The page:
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Risks to the 2019 Stock Market Rally

As Jerry Garcia sang, “What a Long Strange Trip It’s Been.” The same might be said today of the stock market—over the past ten years of market expansion, there have been a lot of wild swings and surprises. Nevertheless, as evidenced by a very strong 2019 first-quarter performance, the bull market in stocks continues.

The most recent market low occurred on December 24 of last year, when Federal Reserve Bank Chairman, Jerome Powell, hinted of higher interest rates. Fears of aggressive interest-rate hikes led the stock market to tumble almost 20% from its October 2018 peak. Many investors were left worrying they may have overspent on holiday gifts.

After this quick and severe drop, Mr. Powell dramatically changed his tune. Some pundits wondered how much the jawboning from 1600 Pennsylvania Avenue led to the change in policy. That seems unlikely given the subsequent statements by multiple Federal Reserve Bank members and Fed’s fierce desire to remain independent.

Stock investors cheered this change in tone from The Fed, and the S&P 500 index had a strong final week of 2018, followed by a 13% gain in the first quarter of 2019. For those who follow market history, every time the S&P 500 scored a gain of 10% or more in the first quarter of a year since 1935, the market managed to climb up 6% more on average for the rest of the year, with positive performance 11 of the 12 times. Another interesting statistic is that every post-mid-term election year since 1950, has been positive for stocks. So barring a precipitous drop, history is on the side of stocks—at least for another 7.5 months.

The relaxed interest-rate policy has reignited life into the longest bull market in U.S. history. Fortunately for investors, bull markets don’t die of old age. As our friends at JPMorgan are fond of saying, three things that most often create bear markets are extreme valuations, interest-rate hikes, and commodity spikes. As of now, none of these look to be a threat. But markets can quickly change, and cable news will be quick to highlight (dare I say, exaggerate) any bad news. Unfortunately, emotional reactions can be costly, as anyone who sold stocks on Boxing Day 2018 can attest.

But before we break out in a chorus of ‘Happy Days Are Here Again,’ let’s look at three warning signs that shouldn’t necessarily scare investors, but rather serve as a reminder that risks remain.

Slowing and uneven global growth. The IMF dropped growth estimates in the U.S. to 2.3% and in the Eurozone to 1.6%. It dropped energy-rich Canada’s growth estimates to 1.5%, surprising considering the rise in oil prices—but perhaps indicating another early Stanley Cup exit by the hockey teams north of the border. All references to Canada’s 26-year Lord Stanley absence aside, global growth is struggling—just ask the 10% plus Spaniards and Italians who are unemployed—triple that among Spanish and Italian ‘youth.’ It’s hard to find a catalyst for European resurgence other than lower interest rates. But with the 10-year German Bund hovering around 0%, how much lower can European interest rates go?

China’s central government intervention. The Chinese government relaxed bank reserve requirements and lowered taxes. In addition, The Bank of China is actually buying stocks (but still well behind The Bank of Japan, which is the all-time leader on this ‘strategy’). China has high debt levels, and its economy was stagnating until the government stepped in with stimulus. It seems that with the high-stakes trade talks nearing culmination, the Chinese didn’t want to appear weak. Their latest actions have helped catapult their stock market, which is actually outperforming the U.S. year-to-date. The question is what happens when government policy subsides?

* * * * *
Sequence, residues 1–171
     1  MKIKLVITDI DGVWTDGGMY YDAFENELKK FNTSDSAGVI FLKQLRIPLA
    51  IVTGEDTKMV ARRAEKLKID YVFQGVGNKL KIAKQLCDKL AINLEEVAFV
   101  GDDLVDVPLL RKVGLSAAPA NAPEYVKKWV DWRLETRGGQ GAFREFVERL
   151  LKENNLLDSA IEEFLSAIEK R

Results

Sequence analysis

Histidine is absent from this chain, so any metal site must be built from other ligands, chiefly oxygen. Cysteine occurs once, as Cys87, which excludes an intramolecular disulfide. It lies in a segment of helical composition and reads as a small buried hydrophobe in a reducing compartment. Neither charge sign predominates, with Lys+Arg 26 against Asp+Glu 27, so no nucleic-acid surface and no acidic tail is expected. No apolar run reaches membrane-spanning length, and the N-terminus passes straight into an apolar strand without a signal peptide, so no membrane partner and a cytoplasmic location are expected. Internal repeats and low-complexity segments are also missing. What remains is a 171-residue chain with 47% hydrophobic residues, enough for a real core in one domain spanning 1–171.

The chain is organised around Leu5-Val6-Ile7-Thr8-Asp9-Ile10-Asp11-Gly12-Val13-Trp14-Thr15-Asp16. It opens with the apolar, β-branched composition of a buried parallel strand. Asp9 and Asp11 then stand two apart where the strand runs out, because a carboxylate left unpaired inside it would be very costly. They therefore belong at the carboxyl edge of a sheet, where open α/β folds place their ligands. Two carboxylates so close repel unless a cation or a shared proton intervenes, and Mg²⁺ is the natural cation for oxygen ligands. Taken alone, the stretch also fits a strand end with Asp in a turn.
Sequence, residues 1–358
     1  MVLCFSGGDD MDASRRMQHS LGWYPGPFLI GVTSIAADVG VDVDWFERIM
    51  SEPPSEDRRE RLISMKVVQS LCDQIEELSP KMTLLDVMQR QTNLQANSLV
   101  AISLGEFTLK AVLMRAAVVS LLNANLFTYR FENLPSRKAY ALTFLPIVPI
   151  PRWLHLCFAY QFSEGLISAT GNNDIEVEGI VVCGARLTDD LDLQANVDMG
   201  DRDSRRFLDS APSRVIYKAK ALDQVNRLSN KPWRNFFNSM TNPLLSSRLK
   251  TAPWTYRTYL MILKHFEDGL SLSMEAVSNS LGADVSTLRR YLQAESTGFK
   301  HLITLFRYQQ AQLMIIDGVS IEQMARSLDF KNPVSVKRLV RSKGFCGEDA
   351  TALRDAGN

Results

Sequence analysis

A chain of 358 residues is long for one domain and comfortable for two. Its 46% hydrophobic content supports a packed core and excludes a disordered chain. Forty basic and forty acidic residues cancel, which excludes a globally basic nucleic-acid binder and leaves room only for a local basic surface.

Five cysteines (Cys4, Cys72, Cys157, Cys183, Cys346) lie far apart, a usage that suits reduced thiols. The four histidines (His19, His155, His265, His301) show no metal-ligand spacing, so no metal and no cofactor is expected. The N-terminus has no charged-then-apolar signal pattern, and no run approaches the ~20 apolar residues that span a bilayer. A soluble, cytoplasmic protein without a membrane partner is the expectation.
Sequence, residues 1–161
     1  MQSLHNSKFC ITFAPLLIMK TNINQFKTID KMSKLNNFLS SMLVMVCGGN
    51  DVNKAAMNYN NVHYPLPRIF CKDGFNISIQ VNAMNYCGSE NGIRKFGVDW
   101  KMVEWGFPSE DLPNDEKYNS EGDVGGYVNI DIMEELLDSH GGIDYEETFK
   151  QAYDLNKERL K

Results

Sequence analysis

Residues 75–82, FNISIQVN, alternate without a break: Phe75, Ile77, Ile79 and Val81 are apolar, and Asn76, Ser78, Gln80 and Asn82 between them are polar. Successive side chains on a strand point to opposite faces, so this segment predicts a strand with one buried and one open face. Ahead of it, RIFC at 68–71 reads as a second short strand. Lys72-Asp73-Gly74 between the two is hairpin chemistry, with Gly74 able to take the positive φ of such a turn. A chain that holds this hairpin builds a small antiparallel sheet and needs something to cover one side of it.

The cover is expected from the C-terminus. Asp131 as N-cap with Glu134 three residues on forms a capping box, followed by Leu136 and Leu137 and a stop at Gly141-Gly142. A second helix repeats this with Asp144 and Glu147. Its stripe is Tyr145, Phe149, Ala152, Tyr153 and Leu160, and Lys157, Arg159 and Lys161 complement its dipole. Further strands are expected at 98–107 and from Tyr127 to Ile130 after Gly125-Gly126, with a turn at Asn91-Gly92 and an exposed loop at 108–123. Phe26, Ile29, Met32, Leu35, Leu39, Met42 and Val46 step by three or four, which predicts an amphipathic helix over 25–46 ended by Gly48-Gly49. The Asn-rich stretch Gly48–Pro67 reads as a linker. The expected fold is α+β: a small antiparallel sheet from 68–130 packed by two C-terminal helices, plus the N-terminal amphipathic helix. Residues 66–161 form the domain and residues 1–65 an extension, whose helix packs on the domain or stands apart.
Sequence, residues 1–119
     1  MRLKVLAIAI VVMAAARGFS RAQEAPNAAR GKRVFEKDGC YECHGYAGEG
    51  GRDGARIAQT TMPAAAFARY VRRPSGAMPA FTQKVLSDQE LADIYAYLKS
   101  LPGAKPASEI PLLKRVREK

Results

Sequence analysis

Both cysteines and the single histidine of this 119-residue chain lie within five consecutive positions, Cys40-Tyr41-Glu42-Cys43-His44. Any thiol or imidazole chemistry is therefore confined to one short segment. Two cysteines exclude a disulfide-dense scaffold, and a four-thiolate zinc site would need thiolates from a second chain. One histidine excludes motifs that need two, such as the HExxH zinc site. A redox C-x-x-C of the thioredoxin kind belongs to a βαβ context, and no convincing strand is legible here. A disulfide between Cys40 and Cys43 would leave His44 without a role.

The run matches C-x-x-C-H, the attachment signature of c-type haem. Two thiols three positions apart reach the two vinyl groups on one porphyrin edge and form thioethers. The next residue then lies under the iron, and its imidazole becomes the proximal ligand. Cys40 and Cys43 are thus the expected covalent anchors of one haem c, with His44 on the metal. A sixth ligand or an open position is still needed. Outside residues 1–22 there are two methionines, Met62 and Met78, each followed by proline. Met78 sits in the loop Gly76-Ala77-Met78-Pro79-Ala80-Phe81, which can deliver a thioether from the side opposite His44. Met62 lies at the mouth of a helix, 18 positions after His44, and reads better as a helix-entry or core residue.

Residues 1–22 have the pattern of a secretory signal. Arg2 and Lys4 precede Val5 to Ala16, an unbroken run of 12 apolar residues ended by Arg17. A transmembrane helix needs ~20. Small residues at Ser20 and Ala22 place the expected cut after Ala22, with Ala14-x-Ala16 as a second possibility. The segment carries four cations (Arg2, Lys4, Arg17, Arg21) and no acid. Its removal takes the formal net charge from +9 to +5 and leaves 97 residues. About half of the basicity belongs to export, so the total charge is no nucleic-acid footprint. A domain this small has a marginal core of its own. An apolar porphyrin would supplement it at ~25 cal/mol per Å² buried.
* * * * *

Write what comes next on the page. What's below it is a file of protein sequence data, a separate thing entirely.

Lower U.S. corporate earnings. Corporate profits are a big driver of stock prices, and U.S. companies will likely post lower earnings than in 2018. That concern is already baked into stock prices, but if the decline is bigger than expected, it could lower stock market valuations. The forward Price-to-Earnings ratio, an important indicator of stock prices relative to their estimated earnings, is close to its historical average but at the higher end of the range.

Overall, it is a mixed picture for stocks. We have accommodative central bank policies around the globe, but that is due to the sluggish economic outlook. Valuations are reasonable, but absent a catalyst for growth, it appears that the majority of 2019 gains have been realized. For investors, it might be best to evaluate their tolerance to interim market fluctuations and manage expectations.

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Mark Avallone, MBA, CFP®, CRPS®

About Mark Avallone, MBA, CFP®, CRPS®

I am the Founder and President of Potomac Wealth Advisors, an independent financial advisory firm headquartered in Rockville, MD and author of Countdown To Financial Freedom: Your Path To A Meaningful And Vibrant Retirement. My commentary on the markets and the issues facing investors has appeared on the CNBC, CBS, NBC, FOX News Channel, Fox Business Network and in USA Today, US News and World Report, The Wall Street Journal and other publications. Previously, I was a Senior Vice President in The Private Bank of Bank of America and a VP in the Corporate Banking Division of Mellon Bank. I am a CERTIFIED FINANCIAL PLANNER practitioner, a Chartered Retirement Plans Specialist(™) and hold an MBA degree from Rutgers University. I am a proponent of financial education and have been an Adjunct Professor of Finance at The University of Maryland University College. For more information please visit my website, You can contact me at 301-279-2221 or at


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